IEEE campaign aims to drive uptake of female engineers
The Institute of Electrical and Electronic Engineers (IEEE) has launched a month long campaign to inspire and encourage more women to choose a career in engineering.
The organisation believes the industry can no longer afford the significant gender gap that currently exists and that issues including work-life balance, lack of support for female students and cultural perceptions about the roles of women need to be addressed globally.
"Even as professions like law and medicine show great strides in achieving gender balance, the number of women in science, technology, engineering and mathematics (STEM) careers consistently lags behind their male peers," said Teresa Schofield, chair of UK and Republic of Ireland IEEE Women in Engineering group. "In China, women make up approximately 40% of the STEM workforce, while in the US women account for only 24%."
A recent study carried out by the UKRC also revealed that just 9% of engineering professionals in the UK are women, compared to 18% in Spain, 20% in Italy and 26% in Sweden.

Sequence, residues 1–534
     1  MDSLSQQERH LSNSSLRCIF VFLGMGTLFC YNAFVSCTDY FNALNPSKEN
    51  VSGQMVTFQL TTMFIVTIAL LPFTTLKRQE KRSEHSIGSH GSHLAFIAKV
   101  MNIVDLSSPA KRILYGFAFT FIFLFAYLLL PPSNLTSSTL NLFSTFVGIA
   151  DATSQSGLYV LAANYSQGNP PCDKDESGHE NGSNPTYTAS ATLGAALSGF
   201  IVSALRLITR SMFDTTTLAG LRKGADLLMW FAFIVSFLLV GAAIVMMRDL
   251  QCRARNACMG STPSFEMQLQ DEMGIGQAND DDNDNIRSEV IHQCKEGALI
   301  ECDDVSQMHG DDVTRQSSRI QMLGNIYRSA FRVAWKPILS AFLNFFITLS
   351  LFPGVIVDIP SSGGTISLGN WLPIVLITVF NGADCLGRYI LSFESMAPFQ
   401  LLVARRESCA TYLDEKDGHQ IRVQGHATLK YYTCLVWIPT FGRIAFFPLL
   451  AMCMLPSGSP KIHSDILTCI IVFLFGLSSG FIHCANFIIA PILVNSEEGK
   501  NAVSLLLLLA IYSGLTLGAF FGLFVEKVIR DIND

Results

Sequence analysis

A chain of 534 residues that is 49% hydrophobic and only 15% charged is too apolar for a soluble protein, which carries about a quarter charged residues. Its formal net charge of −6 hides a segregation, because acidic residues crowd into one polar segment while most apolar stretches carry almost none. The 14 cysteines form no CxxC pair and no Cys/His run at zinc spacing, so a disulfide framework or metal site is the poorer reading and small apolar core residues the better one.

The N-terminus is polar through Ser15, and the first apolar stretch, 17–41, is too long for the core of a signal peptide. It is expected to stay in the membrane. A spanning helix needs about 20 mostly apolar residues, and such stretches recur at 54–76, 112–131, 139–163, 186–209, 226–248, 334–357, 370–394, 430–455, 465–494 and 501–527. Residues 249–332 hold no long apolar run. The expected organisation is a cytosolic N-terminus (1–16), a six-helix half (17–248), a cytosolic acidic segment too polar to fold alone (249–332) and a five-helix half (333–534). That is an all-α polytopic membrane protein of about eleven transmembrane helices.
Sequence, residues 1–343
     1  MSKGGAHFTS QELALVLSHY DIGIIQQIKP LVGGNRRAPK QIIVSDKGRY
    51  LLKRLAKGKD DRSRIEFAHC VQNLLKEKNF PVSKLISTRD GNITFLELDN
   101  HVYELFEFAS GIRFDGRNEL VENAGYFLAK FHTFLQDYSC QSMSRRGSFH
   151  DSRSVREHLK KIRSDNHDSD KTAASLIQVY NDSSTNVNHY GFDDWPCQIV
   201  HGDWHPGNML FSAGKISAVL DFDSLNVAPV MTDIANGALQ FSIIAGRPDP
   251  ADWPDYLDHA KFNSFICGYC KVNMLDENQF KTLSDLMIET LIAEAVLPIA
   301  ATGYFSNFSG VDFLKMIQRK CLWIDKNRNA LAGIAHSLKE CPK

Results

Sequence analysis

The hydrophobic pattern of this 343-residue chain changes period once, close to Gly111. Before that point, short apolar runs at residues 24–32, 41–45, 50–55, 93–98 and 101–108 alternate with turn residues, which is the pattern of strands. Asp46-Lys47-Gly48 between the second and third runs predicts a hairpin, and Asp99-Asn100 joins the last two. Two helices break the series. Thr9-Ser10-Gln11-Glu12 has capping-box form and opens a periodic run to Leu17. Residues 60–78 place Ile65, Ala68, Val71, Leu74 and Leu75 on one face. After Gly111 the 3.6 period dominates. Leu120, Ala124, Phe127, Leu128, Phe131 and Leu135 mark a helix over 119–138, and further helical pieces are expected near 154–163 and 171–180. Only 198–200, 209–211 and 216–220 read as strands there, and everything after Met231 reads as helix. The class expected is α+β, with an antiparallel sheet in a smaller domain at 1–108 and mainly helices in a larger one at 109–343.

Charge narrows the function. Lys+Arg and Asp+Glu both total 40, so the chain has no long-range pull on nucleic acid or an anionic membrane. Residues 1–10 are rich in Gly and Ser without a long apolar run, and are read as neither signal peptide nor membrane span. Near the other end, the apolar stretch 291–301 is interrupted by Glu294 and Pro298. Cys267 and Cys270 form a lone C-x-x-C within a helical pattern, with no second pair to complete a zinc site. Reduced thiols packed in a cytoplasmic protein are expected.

Schofield believes that in order to address these figures, significant changes need to be made across the board in attitudes towards female engineers, encouragement during education, pay levels and the work culture of the industry.
She notes: "In developed countries like Japan, the US and Australia, traditional thinking about women's roles is still quite predominant and it deters women from studying engineering. We must overcome conservative opinions to encourage female students to attend engineering universities."
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